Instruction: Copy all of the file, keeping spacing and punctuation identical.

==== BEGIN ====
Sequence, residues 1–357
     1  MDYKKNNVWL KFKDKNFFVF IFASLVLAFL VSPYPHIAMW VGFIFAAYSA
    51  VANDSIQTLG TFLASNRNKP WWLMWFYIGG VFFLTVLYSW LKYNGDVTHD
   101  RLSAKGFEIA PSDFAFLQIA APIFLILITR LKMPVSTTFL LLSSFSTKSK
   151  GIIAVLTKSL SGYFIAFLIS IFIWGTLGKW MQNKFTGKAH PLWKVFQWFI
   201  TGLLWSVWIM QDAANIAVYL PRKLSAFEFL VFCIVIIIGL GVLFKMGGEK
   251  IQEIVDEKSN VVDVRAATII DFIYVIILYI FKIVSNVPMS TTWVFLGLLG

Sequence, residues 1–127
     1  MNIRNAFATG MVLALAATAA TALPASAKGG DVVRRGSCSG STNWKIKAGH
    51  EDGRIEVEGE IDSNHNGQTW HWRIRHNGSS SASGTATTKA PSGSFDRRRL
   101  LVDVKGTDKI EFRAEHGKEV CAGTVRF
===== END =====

Sequence, residues 1–357
     1  MDYKKNNVWL KFKDKNFFVF IFASLVLAFL VSPYPHIAMW VGFIFAAYSA
    51  VANDSIQTLG TFLASNRNKP WWLMWFYIGG VFFLTVLYSW LKYNGDVTHD
   101  RLSAKGFEIA PSDFAFLQIA APIFLILITR LKMPVSTTFL LLSSFSTKSK
   151  GIIAVLTKSL SGYFIAFLIS IFIWGTLGKW MQNKFTGKAH PLWKVFQWFI
   201  TGLLWSVWIM QDAANIAVYL PRKLSAFEFL VFCIVIIIGL GVLFKMGGEK
   251  IQEIVDEKSN VVDVRAATII DFIYVIILYI FKIVSNVPMS TTWVFLGLLG

Sequence, residues 1–127
     1  MNIRNAFATG MVLALAATAA TALPASAKGG DVVRRGSCSG STNWKIKAGH
    51  EDGRIEVEGE IDSNHNGQTW HWRIRHNGSS SASGTATTKA PSGSFDRRRL
   101  LVDVKGTDKI EFRAEHGKEV CAGTVRF